Appeal, No. 169, April T., 1955, from order of County Court of Allegheny County, 1955, No. C-343, in re appeal of Louis Obradovich from decision of Pennsylvania Liquor Control Board. Order affirmed.
Roslyn M. Litman, with her S. David Litman, and Litman & Litman, for appellant.
Horace A. Segelbaum, Deputy Attorney General, with him Herbert B. Cohen, Attorney General, and Harold R. Bair, Special Deputy Attorney General, for Liquor Control Board, appellee.
Charles E. Hawkins, with him Abe R. Cohen and Crone & Cohen, for protestants, appellees.
Before Rhodes, P.j., Hirt, Ross, Gunther, Wright, Woodside, and Ervin, JJ.
[ 180 Pa. Super. Page 385]
Louis Obradovich filed with the Pennsylvania Liquor Control Board an application for the transfer to him, at No. 401 Hastings Street in the City of Pittsburgh, of the restaurant-liquor license issued to August J. and Mabel E. Anderson for premises at No. 136 South 21st Street in said City. The application was protested by persons residing in the vicinity of the premises to which the license was to be transferred. The Board refused the application, whereupon Obradovich appealed to the County Court of Allegheny County. After hearing de novo, the trial judge dismissed the appeal and sustained the order of the Board refusing the transfer. Exceptions were overruled by the court en banc, and this appeal followed.
The lower court found that appellant was a reputable person, and that his establishment met the legal physical requirements. It further found that, while the premises in question is zoned commercial, the neighborhood is in fact "almost completely residential"; that, with the exception of a drugstore, the business places already located in the area close by eight o'clock p.m.; and that the proposed establishment would seriously threaten the present quiet character of the neighborhood. The record discloses that the building in which it is planned to house the proposed license is located on the southeast corner of Hastings and Reynolds Streets, fronting on Hastings Street which is entirely residential; that the existing business establishments all front on Reynolds Street commencing at the southwest corner of Hastings and Reynolds Streets and extending one block in a westerly direction away from the proposed licensed premises. In the words of Judge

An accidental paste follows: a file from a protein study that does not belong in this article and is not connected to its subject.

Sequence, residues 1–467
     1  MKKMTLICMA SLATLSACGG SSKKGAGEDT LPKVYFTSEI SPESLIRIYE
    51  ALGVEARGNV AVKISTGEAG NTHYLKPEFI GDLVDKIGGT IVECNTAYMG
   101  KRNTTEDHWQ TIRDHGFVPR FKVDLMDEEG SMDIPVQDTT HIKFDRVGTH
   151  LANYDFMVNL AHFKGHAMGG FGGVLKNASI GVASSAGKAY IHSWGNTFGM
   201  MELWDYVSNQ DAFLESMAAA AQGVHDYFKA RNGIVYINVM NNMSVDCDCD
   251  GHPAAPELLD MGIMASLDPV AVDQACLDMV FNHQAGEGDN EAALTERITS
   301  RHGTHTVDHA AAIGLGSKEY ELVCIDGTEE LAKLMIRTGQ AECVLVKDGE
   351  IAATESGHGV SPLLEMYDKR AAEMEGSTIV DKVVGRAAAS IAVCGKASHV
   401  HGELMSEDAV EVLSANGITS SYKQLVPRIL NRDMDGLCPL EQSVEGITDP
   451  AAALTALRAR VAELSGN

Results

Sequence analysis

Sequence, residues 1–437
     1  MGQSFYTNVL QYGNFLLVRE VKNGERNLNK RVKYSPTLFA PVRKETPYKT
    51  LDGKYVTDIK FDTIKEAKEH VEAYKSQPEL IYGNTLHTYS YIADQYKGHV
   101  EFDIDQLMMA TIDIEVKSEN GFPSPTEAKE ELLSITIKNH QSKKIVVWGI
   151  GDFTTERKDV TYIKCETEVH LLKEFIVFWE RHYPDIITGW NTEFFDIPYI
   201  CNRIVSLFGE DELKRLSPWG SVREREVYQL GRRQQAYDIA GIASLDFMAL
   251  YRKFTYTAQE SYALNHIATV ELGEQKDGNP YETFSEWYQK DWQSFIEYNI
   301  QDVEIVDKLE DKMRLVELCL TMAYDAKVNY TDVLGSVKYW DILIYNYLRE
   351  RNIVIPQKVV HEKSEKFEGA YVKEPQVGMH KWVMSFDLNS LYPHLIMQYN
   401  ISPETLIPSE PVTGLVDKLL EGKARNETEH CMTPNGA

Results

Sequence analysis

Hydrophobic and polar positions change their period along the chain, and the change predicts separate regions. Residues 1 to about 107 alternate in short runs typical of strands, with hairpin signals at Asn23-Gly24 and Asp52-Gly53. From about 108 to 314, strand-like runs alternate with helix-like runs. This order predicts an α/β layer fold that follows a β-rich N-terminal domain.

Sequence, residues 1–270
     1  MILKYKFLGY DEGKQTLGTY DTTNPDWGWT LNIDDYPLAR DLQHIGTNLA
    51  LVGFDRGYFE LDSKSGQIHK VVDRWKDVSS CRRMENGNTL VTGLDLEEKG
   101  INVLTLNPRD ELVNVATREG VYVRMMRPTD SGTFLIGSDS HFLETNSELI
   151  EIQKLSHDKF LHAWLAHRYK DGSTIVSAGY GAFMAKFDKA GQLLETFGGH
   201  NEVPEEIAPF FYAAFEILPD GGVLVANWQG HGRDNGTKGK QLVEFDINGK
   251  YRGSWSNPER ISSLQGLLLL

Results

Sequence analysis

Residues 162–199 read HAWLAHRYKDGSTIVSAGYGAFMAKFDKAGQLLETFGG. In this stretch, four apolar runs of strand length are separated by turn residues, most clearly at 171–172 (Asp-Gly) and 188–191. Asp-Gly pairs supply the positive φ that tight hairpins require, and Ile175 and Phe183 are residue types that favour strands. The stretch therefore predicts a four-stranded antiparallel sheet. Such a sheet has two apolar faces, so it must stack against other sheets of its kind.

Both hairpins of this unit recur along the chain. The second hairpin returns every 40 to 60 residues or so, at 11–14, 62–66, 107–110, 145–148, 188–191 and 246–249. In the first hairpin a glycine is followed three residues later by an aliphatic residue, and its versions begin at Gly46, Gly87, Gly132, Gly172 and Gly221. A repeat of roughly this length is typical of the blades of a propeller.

[ 180 Pa. Super. Page 386]
KAUFMAN, "Not only is the business area, taken collectively, a small island in a residential expanse, but the proposed licensed premises is practically an island by itself". The lower court also emphasized the fact that the premises in question must be continuously passed by children attending school and visiting Mellon Park.
We deem it unnecessary to discuss appellant's contention that the Board does not have administrative discretion in transfer cases. This contention has already been decided adversely to appellant's position in Rizzo Liquor License Case, 174 Pa. Superior Ct. 143, 100 A.2d 135. Appellant further contends that, since the premises in question have been zoned commercial, there was an abuse of discretion in refusing to approve the transfer on the ground that the area is residential in character. It is a sufficient answer to this contention to note that "A municipality may not in the guise of a zoning ordinance regulate the business of dispensing liquor": Hilovsky Liquor License Case, 379 Pa. 118, 108 A.2d 705. Appellant relies upon Burrell Liquor License Case, 172 Pa. Superior Ct. 346, 94 A.2d 110, but that decision is not controlling in the present factual situation. We agree with the court below that the Board did not abuse its discretion in refusing to approve the transfer here under consideration.
The order of the lower court is affirmed.
In my opinion, the order in this case should be reversed on the ground that the Board abused its discretion in refusing the transfer.
The sole reason advanced for refusing the transfer was that the establishment proposed to be licensed is situated in a "residential" area. That is just contrary
[ 180 Pa. Super. Page 387]
to fact. The municipal authorities by legislative enactment, a zoning ordinance, designated this area as commercial. Of course as stated in the majority opinion, a municipality may not in the guise of a zoning ordinance regulate the business of dispensing liquor, but the converse should also be true: the Liquor Control Board - or a court acting under the liquor laws - cannot rezone a municipality and then use that attempted rezoning as the basis for refusing or granting the issuance of a license or a transfer thereof.
I would reverse the order of the court below and remit the record to the Liquor Control Board with direction to approve the ...